Porn, Torture and Virtual Reality

Porn, Torture and Virtual Reality

There’s no denying that we live in a hypersexualised world. Growing up in the 90s without extensive internet, my first brush with pornography came after finding an old battered mag in a busted tyre at an abandoned train station (stay classy, Bombala). Nowadays in our ultra-connected always-online society you can’t swing a virtual cat without hitting some form of smut.  Many will be familiar with Rule 34: “If it exists, there’s porn of it – no exceptions.” The advent of the Internet and the vastly increased accessibility to sexually explicit material has also trickled down into (or is at least reflected in) everyday life. For instance, a brief perusal of Channel V’s content will likely show a huge percentage of female pop artists selling not only music (if it can be called that), but battling to see just how little they can wear in order to get your attention and buy their beauty products. So where does virtual reality fit into this?

I’m going to go out on a limb and say that I believe that VR will find ultimate success as a new way to interact with pornography (indeed, VR porn already exists). While personally VR does not interest me, an age has dawned and an entirely new form of pornography has been developed. I have no personal misgivings or moral qualms with the porn industry in general, and for many it’s a healthy and harmless outlet. However, VR porn brings with it a whole different form of interactivity, where people will no longer just watch it, but actively participate in it as well. I believe this opens up a moral minefield, and VR could potentially be used to allow users to engage in virtual acts that will wander into the realm of questionable morality and (perhaps) sexual illegality.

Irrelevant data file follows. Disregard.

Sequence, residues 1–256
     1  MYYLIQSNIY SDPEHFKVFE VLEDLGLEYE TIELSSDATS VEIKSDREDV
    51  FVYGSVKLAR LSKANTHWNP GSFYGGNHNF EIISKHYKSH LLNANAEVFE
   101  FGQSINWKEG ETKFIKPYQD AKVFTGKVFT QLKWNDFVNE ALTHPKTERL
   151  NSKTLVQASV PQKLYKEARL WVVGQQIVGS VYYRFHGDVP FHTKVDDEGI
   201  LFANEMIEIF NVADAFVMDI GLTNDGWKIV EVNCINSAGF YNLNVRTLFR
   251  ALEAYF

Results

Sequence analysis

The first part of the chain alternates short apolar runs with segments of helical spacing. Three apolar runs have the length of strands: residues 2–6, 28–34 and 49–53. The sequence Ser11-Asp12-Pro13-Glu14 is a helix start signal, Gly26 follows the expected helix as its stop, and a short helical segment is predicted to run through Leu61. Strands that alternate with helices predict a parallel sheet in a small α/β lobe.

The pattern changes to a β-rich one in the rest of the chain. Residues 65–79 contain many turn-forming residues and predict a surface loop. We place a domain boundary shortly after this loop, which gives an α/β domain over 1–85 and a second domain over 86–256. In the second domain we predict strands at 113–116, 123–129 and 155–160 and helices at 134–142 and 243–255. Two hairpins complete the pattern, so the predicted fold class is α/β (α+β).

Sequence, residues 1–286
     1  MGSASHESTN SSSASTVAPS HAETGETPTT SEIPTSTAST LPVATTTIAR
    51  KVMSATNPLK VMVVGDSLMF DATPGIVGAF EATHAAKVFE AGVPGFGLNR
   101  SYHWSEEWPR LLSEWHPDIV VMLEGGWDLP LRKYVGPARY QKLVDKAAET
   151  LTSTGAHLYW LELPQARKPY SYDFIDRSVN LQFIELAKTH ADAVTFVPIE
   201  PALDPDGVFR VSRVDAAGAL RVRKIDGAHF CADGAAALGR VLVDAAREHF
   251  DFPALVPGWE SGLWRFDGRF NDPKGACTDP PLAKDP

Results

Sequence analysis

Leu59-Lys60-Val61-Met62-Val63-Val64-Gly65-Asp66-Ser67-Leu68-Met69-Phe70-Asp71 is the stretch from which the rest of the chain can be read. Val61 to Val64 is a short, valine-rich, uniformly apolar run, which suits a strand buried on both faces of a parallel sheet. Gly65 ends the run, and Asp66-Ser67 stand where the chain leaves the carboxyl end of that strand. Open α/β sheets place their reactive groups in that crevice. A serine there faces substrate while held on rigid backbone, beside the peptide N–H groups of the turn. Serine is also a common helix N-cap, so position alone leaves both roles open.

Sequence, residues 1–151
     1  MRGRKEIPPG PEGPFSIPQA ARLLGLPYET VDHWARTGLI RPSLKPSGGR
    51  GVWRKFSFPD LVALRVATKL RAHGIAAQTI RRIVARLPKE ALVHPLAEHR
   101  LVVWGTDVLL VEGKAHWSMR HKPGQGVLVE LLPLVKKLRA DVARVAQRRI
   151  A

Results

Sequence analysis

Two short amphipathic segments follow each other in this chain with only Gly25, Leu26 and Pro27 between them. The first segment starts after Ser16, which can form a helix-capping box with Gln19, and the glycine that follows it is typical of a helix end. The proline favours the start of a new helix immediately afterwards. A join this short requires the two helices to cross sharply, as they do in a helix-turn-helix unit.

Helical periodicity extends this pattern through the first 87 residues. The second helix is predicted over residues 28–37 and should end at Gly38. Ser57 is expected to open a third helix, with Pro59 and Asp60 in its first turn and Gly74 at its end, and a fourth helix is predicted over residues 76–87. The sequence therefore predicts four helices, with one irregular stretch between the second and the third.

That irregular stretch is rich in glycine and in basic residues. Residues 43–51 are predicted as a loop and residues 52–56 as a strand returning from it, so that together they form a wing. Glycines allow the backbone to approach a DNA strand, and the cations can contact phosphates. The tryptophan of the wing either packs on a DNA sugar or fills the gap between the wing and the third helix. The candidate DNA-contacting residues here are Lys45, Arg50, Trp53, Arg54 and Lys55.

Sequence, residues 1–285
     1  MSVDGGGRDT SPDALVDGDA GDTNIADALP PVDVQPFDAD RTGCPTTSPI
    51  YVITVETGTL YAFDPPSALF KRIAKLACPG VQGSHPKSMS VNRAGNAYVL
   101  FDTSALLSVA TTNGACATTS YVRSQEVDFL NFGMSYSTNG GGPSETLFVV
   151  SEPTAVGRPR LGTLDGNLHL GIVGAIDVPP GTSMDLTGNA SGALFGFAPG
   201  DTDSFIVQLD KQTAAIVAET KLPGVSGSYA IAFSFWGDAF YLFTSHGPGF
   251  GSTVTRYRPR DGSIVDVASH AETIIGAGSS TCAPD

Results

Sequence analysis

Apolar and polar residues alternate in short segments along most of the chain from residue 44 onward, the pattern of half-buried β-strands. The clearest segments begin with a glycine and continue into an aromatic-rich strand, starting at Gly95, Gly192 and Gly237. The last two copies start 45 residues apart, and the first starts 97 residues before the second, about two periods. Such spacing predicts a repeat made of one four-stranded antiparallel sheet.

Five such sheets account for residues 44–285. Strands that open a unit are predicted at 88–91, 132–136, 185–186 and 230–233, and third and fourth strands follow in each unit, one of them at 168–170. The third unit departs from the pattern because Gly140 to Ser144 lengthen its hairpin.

A few Japanese VR games have already toyed with straying into this territory, and one that instantly comes to mind is Bandai Namco’s Summer Lesson. One aspect of this game allows you to interact with a young, attractive Japanese schoolgirl in her room, with the flimsy pretext of ‘tutoring’ her. This smacks of being incredibly dodgy, but is obviously a means of engaging in a popular fantasy. But what responsibility do we take for our digital acts? As a 31 year-old male, if I were to immerse myself in this flirtatious tutoring sim then am I not engaging in acts that are the prelude to something akin to statutory rape? I’m not saying this game will go any further than just flirtation, but morally it’s nevertheless a very dicey situation. This is also likely to be just the tip of the iceberg too, as we know that both creators of games and porn are always looking to push the boundaries; you need look no further than games like Grand Theft Auto, Manhunt or Dead or Alive Extreme Beach Volleyball for evidence of that, and I’m sure a quick Google search will reveal there’s a lot of fairly crazy porn out there too. The Japanese in particular have a very different perspective of sex in video games, and there are a slew of games in Japan that would be considered morally reprehensible to our more conservative western sensibilities. VR games that contain sexual material are a relatively unknown quantity so far, but I believe we will soon find ourselves in the wild west of a new industry where the enhanced interactivity with these experiences will raise more than a few concerned eyebrows.